Author Archives: David Hosier Msc

Holder of MSc and post graduate teaching diploma in psychology. Highly experienced in education. Founder of childhoodtraumarecovery.com. Survivor of severe childhood trauma.

Growing Up In An Environment Of Unpredictable Stress : Possible Effects

unpredictable_stress

Many children who grow up in dysfunctional family homes find themselves living in a state of hypervigilance, never knowing how their parents are going to respond to them at any given time (for example, this is often the

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What Are The Effects Of Trauma On Young Children (0-6 Years)?

 What Are The Effects Of Trauma On Young ChildrenThe possible effects of childhood trauma on children under the age of six years are extensive and can be divided into three main categories. These three categories are as follows :
  • BEHAVIORAL EFFECTS
  • COGNITIVE EFFECTS (i.e. effects on thinking and conscious mental processes)
  • PHYSIOLOGICAL EFFECTS (i.e. effects on physical health and biological processes)

Below, I list the possible effects of being exposed to prolonged and significant trauma on young children :

A) FROM 0 YEARS OLD TO TWO YEARS OLD 

B) FROM THREE YEARS OLD TO SIX YEARS OLD 

A) POSSIBLE EFFECTS ON CHILDREN AGED 0 TO 2 YEARS :

BEHAVIORAL :

Aggression

Regressive behavior

Extreme temper tantrums

Fear of adults connected to the traumatic experiences

Fear of separation from the parent / primary caregiver (see my article about separation anxiety)

Irritability

Anxiety

Sadness

Withdrawn behavior

Highly sensitive ‘startle response’

Prone

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Arrested Psychological Development and Age Regression

arrested psychological development

Arrested Psychological Development

Traumatic life events can cause the child to become ‘stuck’ at a particular level of psychological development for an extended period of time – s/he may, therefore, often seem immature as development was frozen at an earlier stage.

For example, an eleven year old child who was abandoned by his/her primary carer at age four may throw tantrums similar to those one might expect of a four year old when left with an unfamiliar baby-sitter. In other

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Deep Feelings Of Shame Resulting From Emotionally Impoverished Relationships With Parents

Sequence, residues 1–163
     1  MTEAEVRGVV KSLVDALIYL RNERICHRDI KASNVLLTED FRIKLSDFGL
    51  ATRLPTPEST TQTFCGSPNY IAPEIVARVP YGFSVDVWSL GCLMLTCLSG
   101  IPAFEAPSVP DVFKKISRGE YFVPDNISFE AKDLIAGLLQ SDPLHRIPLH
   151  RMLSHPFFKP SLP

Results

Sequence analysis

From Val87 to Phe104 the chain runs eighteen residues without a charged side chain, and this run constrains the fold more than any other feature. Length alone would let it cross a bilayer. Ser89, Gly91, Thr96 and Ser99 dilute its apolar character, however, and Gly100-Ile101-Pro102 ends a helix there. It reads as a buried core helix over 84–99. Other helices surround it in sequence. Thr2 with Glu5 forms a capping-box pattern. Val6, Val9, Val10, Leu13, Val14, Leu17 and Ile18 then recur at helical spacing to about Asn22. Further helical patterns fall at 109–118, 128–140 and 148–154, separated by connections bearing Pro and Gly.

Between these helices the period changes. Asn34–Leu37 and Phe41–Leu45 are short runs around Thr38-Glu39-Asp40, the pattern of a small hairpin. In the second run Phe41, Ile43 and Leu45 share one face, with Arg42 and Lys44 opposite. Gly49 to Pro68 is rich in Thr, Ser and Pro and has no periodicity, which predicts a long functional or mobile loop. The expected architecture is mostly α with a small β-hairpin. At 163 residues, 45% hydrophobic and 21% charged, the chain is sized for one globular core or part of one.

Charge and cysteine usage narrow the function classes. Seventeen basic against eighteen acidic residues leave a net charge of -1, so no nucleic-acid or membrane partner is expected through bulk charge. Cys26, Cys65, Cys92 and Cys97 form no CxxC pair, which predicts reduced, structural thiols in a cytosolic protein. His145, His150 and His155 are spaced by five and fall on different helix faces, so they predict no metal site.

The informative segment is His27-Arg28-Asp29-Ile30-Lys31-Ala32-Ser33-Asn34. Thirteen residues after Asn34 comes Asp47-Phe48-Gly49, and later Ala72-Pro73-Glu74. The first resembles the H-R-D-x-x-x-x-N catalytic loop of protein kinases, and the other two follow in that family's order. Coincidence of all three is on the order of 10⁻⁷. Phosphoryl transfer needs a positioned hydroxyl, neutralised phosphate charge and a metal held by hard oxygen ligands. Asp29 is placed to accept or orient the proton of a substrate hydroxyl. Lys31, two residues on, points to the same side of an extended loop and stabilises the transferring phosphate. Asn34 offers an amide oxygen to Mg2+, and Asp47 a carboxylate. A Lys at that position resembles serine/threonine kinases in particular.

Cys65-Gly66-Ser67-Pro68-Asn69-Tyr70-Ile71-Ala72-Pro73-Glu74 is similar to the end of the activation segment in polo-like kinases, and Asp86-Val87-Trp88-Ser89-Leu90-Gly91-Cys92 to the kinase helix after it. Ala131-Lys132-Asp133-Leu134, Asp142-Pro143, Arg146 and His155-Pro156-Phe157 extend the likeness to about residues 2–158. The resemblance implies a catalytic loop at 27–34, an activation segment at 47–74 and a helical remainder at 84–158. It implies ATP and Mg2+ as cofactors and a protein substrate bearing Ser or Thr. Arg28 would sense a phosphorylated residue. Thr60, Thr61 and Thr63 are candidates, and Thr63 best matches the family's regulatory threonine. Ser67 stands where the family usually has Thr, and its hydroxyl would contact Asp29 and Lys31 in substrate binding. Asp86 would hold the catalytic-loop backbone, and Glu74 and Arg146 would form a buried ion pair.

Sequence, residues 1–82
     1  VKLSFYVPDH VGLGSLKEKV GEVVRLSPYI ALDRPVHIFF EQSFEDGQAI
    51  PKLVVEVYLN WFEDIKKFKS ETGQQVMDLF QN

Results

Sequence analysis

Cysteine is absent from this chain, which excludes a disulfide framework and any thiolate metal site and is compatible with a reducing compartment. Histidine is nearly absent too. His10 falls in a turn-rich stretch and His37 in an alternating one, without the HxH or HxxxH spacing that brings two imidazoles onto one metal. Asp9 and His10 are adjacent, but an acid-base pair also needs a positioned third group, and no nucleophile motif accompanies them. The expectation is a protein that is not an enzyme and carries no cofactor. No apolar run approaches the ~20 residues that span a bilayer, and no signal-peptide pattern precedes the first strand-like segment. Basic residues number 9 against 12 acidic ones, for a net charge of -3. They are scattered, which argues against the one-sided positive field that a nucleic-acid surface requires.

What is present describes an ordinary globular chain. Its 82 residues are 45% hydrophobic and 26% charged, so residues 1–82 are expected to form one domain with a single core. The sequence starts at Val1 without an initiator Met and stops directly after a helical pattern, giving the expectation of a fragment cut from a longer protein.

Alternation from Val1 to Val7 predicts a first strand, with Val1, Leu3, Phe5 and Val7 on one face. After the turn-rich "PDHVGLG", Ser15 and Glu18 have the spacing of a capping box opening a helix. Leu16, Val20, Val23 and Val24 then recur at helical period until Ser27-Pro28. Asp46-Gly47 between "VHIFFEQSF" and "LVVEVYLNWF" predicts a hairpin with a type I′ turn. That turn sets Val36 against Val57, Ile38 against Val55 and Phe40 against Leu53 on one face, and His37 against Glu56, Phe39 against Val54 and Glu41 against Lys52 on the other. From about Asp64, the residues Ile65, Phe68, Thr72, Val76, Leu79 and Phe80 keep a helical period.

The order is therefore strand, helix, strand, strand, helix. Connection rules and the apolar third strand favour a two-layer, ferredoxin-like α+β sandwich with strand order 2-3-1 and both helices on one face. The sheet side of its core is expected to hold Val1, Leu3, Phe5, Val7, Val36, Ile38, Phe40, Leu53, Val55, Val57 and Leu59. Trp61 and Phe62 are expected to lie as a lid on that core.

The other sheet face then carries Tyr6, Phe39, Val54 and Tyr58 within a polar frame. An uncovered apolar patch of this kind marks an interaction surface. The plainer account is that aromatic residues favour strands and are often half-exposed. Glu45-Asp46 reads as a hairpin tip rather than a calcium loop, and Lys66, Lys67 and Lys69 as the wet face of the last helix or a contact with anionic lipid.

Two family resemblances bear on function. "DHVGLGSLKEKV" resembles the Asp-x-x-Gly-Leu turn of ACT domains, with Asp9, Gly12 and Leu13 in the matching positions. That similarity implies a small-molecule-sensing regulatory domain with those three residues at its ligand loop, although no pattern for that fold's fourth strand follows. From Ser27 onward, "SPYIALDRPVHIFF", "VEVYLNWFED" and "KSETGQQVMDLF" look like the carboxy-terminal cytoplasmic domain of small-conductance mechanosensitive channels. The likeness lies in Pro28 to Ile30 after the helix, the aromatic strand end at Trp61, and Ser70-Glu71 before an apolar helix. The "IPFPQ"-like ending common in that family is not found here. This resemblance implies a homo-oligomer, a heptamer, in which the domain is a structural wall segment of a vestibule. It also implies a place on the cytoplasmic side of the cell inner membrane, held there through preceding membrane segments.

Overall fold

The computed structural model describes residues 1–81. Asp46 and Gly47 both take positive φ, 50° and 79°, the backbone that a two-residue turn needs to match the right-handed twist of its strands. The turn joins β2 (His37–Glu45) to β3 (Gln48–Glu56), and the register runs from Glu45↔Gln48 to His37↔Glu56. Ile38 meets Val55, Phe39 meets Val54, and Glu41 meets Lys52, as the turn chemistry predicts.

shame due to dysregulating oyjers

According to DeYoung, author of the excellent book : ‘Understanding and Treating Chronic Shame : A Relational / Neurobiological Approach‘, the experience of shame comes about as a result of dysfunctional relationships with other people (in particular, of course, with our parents when we are growing up) who are of emotional importance to us as opposed to affecting us as isolated, independent individuals. Because of this, DeYoung describes the experience

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Effects Of ‘Bottling Up’ Feelings Related To Trauma

bottling up feelings

‘Bottling Up’ Emotions

It is often said that it is psychologically unhealthy to ‘bottle up’ (suppress) feelings connected to trauma, loss and grief. But what does the research tell us?

Bowlby’s Position :

Bowlby’s (1980) work on the effects of suppression (he mainly focused on the suppression of grief) of such feelings proposes that grief is a natural feeling and ‘bottling up.’ or suppressing, such feelings causes an important psychological process to become inhibited and that

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Trauma And Persistent ‘Low Mood’ (Dysthymia) In Children

dysthymia in children

How Does Dysthymia Differ From Major Depression?

Children who experience significant and protracted trauma and/or stress during childhood are at increased risk of developing a condition known as dysthymia, which is sometimes described as a less severe/dramatic version of major depression.

Because its symptoms tend not to be as obvious as those of major depression (for example, a young person suffering from it may exhibit the symptom of frequent irritability but

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What Types Of Parents Are More Likely To Physically Abuse Their Children?

why do parents physically abuse their children?

Stith’s (2009) Meta-Analysis :

A study carried out by Stith et al. (2009) reviewed 155 other studies (this is called a meta-analysis) that had already been carried out in order to identify factors that put the child at risk of physical abuse by his/her parents.

In order to identify these factors, one part of Stith’s study examined which particular characteristics of the parent put that person at increased risk of physically abusing his/her child. I list these characteristics below :

Characteristics Of Parents That Increase The Probability That They Will Be Physically Abusive Towards Their Child/Children (according to Stith’s, 2009 meta-analysis of 155 previously published studies) :

  • alcohol abuse by parent
  • the parent is single
  • the parent is unemployed
  • the parent abuses drugs
  • the parent approves of corporal punishment as a means of instilling discipline in / control over the child
  • parent has poor coping skills
  • parent has health problems
  • parent has poor problem solving skills
  • parent lacks social support
  • parent is involved in criminal behavior
  • parent is under significant stress
  • parent suffers from significant anxiety
  • parents suffers from mental illness
  • parent suffers from depression
  • parent suffers from low self-esteem
  • parent has problems controlling own anger
  • parent had dysfunctional relationship with own parent/s
  • parent suffers from hyper-reactivity / has poor control of emotions

Which Of The Above Are The Biggest Risk Factors?

According to Stith’s (2009) research,

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Childhood Trauma May Damage Prefrontal Cortex : How To Help Reverse Such Damage.

how to reverse damage to prefrontal cortex

Childhood Trauma May Damage Development Of Certain Brain Structures, Including Prefrontal Cortex :

We have seen from other articles that I have published on this site that severe and chronic psychological and emotional trauma in early life may adversely affect the physical development of various structures in the brain, including the prefrontal cortex. In individuals who have gone on to develop borderline personality disorder (BPD) or complex post traumatic stress disorder (cPTSD) following childhood trauma, such impairment to the brain is thought to be particularly likely.